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Review: Steal a Pencil for Me

Rob Humanick



Steal a Pencil for Me

Of the countless stories to be told regarding the Holocaust, that of married survivors Jack Polak and Ina Soep is surely one of the more remarkable. You wouldn’t know it, though, from the dubious antics of Steal a Pencil for Me, a misguided documentary that mistakes cutesy, polished aesthetics for meaningful sentiment. In 1943 Holland, the fated couple met at the birthday party of a mutual friend, their immediate attraction initially complicated by Jack’s miserable marriage to the adulterous Manja, then by the Nazi occupation. The three of them ultimately find themselves together at the same concentration camp, with Jack and Ina striving to uphold their love for each other by means of an ongoing series of love letters (recounted here via perfectly enunciated narrations, bereft of anything that sounds remotely human) along with other attempts to stay sane amid such unimaginable hardships. The now elderly couple remains front and center in the film, and it is in the untouched sequences of their recollections and interactions that Steal a Pencil for Me effectively touches upon the everyday, personal minutiae that makes such a massive, incomprehensible example of human tragedy profoundly personal. Jack and Ina recount these painful experiences to their family and friends, and—in the film’s best scene—a group of small children on a school field trip, so that lessons they learned so brutally may be carried on for the betterment of future generations. Well-intentioned though it may be, the film lays on the schmaltz so thick as to nearly drown out these virtues, its musical score (suggesting a low-rent melodrama) a totally inappropriate element that—along with the deliberately picturesque montages interspersed with the film’s historical footage, which has been given a new and completely distracted sound mix—persistently cloaks the film’s subject matter with an aura of forced entertainment, of reality sacrificed for palatability. The filmmakers’ hearts are in the right place but their style smacks of reduction.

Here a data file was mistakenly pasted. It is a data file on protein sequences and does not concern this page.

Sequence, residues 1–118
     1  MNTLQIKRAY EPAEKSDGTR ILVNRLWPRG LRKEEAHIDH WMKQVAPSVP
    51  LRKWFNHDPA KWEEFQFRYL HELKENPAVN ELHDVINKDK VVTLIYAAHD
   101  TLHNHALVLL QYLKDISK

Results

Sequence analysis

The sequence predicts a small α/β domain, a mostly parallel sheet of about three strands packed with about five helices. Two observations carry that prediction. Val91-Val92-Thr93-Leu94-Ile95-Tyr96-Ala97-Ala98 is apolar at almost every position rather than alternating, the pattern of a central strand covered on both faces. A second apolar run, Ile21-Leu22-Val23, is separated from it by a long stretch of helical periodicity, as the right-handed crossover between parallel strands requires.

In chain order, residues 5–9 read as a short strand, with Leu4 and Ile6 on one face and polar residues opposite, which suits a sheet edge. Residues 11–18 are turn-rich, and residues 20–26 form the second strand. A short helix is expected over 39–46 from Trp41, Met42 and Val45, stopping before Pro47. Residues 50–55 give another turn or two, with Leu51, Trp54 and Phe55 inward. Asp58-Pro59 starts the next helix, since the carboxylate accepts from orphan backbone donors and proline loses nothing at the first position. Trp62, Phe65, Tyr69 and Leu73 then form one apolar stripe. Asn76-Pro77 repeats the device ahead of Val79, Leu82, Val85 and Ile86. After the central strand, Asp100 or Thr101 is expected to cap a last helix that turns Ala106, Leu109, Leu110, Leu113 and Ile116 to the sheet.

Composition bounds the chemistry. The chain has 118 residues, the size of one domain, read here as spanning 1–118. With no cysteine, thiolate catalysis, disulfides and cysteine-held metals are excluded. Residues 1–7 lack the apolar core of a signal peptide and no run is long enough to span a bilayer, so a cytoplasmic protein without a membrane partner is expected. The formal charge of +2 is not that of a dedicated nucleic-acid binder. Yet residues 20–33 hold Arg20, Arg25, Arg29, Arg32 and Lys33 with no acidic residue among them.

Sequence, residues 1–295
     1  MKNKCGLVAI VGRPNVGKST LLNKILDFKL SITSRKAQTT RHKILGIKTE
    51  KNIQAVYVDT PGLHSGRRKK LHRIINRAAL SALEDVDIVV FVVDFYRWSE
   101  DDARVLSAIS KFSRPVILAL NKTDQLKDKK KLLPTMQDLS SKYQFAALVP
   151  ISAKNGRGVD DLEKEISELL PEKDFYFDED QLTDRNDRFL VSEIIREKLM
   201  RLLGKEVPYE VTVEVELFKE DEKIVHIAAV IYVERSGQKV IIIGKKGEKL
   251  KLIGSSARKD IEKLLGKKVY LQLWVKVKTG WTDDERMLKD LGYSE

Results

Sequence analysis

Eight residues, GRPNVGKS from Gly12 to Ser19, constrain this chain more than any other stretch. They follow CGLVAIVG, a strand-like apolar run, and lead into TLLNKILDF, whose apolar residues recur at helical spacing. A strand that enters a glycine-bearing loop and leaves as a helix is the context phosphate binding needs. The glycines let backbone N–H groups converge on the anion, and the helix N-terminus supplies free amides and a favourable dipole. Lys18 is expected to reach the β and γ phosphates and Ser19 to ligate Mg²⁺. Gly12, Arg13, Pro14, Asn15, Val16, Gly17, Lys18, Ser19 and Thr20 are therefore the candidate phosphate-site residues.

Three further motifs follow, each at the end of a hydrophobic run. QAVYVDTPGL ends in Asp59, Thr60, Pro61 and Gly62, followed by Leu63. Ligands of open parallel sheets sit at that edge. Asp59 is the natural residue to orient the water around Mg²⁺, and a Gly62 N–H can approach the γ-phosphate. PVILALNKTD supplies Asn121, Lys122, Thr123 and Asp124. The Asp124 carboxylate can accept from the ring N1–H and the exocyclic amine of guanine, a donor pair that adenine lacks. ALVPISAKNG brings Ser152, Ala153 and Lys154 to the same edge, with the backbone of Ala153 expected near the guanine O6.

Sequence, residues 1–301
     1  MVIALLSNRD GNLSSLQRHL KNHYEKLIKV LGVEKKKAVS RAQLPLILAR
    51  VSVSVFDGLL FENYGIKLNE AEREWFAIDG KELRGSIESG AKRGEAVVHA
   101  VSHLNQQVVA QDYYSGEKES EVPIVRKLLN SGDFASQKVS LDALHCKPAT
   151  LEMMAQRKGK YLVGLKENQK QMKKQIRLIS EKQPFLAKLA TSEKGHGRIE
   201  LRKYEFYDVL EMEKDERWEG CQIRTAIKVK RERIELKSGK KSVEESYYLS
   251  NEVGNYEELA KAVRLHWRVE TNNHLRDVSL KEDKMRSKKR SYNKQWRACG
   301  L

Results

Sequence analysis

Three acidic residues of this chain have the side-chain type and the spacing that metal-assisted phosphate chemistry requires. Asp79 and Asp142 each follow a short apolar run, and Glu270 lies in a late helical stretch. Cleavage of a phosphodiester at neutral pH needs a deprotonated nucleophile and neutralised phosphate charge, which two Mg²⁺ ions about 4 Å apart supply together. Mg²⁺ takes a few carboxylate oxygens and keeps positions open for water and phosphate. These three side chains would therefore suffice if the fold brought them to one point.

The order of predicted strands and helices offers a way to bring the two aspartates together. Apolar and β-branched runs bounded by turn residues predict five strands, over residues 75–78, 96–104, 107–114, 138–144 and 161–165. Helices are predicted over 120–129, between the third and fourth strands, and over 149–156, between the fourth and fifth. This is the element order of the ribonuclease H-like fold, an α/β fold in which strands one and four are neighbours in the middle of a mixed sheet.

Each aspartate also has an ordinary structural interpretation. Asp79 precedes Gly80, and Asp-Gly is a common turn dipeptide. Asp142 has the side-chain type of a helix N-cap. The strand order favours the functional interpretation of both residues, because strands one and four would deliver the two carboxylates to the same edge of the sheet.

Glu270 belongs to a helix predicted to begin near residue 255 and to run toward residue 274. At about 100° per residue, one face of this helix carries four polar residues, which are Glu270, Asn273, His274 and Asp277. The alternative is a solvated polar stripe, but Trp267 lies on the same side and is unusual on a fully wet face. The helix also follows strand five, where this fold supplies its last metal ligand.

Cast: Jack Polak, Ina Soep, Jeroen Krabbé, Ellen Ten Damme, Jean-Pierre Gillain Director: Michèle Ohayon Screenwriter: Michèle Ohayon Distributor: Red Envelope Entertainment Running Time: 94 min Rating: NR Year: 2007 Buy: Video

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